Chile salmon farming companies must disclose antibiotic use, court rules
Following a yearlong court battle, a Chilean court upheld a request by the environmental group Oceana that requires the Chilean aquaculture industry to disclose details surrounding the antibiotics they use in their salmon farming operations.
The industry, which produced around 895,000 metric tons of farmed salmon in 2014 – good enough to rank it the second-largest producer in the world – has refused to release the details of its antibiotic use, arguing that doing so would pose a "competition and commercial risk,” according to a Reuters article.
“We hope this ruling … ends the lack of transparency and grants the people something as fundamental as access to information of public interest that is directly related to health and the environment, " Liesbeth van der Meer, interim executive director of Oceana Chile, said in a statement on the organization’s website.
Chilean salmon farmers have been fighting a virulent bacteria known as SRS (or Piscirickettsiosis), which sickens and eventually kills infected fish. Failing to find an effective vaccine, they have increasingly relied on antibiotics to fight the bacteria. According to Reuters, the industry used about 1.2 million pound (563,200 kg) of antibiotics in 2014, up 25 percent from the year before.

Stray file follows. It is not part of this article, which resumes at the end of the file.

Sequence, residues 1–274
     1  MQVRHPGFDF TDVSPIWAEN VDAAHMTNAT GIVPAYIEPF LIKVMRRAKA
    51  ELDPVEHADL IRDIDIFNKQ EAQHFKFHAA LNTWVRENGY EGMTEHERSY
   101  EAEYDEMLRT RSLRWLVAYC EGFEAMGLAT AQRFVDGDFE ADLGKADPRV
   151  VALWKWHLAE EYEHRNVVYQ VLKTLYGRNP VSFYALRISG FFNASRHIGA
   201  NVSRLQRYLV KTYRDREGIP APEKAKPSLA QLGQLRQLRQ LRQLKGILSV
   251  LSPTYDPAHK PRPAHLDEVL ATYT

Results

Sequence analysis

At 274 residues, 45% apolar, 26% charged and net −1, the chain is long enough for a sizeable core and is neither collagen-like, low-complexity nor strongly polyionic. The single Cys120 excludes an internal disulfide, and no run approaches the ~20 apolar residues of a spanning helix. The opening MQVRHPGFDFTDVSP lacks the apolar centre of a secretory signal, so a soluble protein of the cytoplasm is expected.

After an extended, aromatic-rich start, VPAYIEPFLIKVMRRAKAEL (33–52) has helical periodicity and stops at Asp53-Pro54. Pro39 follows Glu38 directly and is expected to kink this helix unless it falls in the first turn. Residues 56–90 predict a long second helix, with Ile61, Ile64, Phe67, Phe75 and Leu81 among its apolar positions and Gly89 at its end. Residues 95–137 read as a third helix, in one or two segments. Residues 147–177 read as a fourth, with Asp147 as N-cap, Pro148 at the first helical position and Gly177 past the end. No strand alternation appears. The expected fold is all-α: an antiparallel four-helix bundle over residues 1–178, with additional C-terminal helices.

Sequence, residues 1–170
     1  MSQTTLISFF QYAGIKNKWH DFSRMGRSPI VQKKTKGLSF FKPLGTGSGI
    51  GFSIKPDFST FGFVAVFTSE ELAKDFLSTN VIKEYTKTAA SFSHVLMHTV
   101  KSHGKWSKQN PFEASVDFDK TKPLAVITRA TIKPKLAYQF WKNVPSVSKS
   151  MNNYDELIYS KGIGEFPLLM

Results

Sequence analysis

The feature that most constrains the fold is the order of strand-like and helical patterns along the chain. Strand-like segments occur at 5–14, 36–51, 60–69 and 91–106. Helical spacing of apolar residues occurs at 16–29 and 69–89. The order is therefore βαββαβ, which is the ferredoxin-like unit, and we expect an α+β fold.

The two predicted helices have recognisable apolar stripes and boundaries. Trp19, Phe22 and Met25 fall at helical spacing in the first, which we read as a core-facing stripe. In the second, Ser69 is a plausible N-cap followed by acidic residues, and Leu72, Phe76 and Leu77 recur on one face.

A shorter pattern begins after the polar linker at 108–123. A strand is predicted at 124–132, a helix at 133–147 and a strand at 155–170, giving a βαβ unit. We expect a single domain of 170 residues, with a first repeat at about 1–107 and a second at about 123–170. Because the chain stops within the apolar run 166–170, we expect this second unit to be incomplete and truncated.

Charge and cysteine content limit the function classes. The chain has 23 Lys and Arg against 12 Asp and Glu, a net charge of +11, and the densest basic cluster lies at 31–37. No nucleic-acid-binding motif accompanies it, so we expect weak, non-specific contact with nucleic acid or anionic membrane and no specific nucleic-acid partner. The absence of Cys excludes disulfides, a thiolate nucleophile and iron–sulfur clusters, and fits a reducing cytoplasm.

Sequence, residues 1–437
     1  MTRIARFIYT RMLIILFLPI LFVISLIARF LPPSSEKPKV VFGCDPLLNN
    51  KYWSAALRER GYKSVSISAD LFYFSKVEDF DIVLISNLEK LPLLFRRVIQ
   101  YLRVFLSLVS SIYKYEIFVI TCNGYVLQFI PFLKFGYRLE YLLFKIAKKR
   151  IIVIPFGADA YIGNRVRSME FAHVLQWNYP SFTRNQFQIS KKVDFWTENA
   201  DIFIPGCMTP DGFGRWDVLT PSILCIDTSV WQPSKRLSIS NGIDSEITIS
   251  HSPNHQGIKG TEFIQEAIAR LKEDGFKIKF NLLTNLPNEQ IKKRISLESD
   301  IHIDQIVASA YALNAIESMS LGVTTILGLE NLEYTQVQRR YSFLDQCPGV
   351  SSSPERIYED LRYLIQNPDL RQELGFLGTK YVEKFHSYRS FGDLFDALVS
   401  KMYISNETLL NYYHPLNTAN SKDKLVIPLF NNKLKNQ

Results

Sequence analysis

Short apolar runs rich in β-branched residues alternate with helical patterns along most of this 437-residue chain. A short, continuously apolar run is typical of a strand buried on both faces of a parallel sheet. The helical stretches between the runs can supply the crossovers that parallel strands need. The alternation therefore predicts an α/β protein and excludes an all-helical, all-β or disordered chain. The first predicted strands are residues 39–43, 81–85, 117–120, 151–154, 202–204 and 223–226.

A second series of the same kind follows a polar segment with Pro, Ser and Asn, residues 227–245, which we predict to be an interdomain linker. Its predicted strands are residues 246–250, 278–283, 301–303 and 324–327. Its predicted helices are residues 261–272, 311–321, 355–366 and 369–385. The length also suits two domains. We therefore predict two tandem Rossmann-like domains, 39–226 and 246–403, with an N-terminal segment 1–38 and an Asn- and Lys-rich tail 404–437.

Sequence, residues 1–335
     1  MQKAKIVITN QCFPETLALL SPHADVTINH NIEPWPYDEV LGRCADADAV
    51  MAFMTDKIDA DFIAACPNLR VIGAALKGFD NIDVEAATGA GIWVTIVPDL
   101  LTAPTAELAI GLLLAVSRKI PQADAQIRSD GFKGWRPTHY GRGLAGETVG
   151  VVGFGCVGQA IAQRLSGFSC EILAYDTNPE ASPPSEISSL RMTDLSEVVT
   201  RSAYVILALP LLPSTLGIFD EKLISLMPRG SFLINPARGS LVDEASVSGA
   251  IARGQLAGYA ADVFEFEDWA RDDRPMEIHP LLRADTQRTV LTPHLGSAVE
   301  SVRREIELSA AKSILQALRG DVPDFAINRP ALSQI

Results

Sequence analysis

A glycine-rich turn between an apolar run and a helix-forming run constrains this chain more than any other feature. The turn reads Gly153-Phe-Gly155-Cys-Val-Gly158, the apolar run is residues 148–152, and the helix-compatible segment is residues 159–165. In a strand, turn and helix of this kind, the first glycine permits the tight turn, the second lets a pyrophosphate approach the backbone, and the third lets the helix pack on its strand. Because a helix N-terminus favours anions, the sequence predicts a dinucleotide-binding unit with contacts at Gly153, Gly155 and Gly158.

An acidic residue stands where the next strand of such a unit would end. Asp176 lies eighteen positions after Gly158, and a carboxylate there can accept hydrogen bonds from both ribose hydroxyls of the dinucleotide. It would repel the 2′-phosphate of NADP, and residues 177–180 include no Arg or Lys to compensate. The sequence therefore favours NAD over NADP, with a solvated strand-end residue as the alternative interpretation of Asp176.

The industry does already provide detailed data on its use of antibiotics to Sernapesca, the government’s fisheries group. But Sernapesca does not provide the data sought by Oceana on antibiotic use broken down by company and individual farm sites.
In a statement, Sernapesca Deputy Director Alicia Gallardo said her organization “welcomed” the ruling.
“We believe this new ruling strengthens transparency and the legitimate public interest in knowing the actions of this industry,” Gallardo said. “We call on the industry to abide by this ruling and enable the delivery of the requested information.”